Multifactor productivity for manufacturing industries, 2011
September 30, 2013
Multifactor productivity—defined as output per unit of combined inputs—increased in 55 of the 86 four-digit NAICS manufacturing industries in 2011.
|Manufacturing industry||Combined inputs||Output||Multifactor productivity|
Medical equipment and supplies
Computer and peripheral equipment
Pharmaceuticals and medicines
Agriculture, construction, and mining machinery
Turbine and power transmission equipment
Electric lighting equipment
Three manufacturing industries recorded double-digit percent increases in multifactor productivity: semiconductors and electronic components, other transportation equipment, and electric lighting equipment.
Increases in output were particularly large in turbine and power transmission equipment; metalworking machinery; agriculture, construction, and mining machinery; railroad rolling stock; and audio and video equipment. Multifactor productivity rose in each of those industries. Output declined the most in computer and peripheral equipment and in apparel knitting mills.
Multifactor productivity indexes relate the change in real output to the change in the combined inputs of labor, capital, and intermediate purchases consumed in producing that output. Multifactor productivity growth measures the extent to which output growth has exceeded the growth in inputs, and reflects the joint influences on economic growth of a variety of factors that are not specifically accounted for on the input side, including technological change, returns to scale, enhancements in managerial and staff skills, changes in the organization of production, and other efficiency improvements.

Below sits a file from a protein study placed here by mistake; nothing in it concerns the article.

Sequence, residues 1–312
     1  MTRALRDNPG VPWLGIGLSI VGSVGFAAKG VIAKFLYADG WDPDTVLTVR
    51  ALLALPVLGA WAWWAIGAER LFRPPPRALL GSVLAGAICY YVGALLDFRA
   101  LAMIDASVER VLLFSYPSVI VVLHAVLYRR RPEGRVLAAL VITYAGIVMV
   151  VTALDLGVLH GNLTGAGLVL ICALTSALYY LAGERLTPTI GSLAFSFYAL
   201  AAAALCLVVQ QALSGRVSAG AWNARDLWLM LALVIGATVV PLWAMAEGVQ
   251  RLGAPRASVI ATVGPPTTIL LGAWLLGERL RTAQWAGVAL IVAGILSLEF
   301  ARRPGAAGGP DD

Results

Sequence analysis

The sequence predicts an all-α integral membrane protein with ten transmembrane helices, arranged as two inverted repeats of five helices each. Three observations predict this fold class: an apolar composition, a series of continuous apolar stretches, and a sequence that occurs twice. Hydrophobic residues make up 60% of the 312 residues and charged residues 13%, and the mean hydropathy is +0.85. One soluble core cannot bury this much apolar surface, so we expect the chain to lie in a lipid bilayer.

Bureau of Labor Statistics, U.S. Department of Labor, The Economics Daily, Multifactor productivity for manufacturing industries, 2011 on the Internet at http://www.bls.gov/opub/ted/2013/ted_20130930.htm (visited May 25, 2015).
Recent editions of Spotlight on Statistics
New estimates of personal taxes in Consumer Expenditure Survey
In 2013, the Consumer Expenditure Survey improved its personal tax data.
Trends in long-term unemployment
Long-term unemployment reached historically high levels following the recession of 2007–2009.
Housing: before, during, and after the Great Recession
looks at consumer expenditures on household items, employment in residential construction, prices for household items, and injuries in occupations involved in building and maintaining our homes.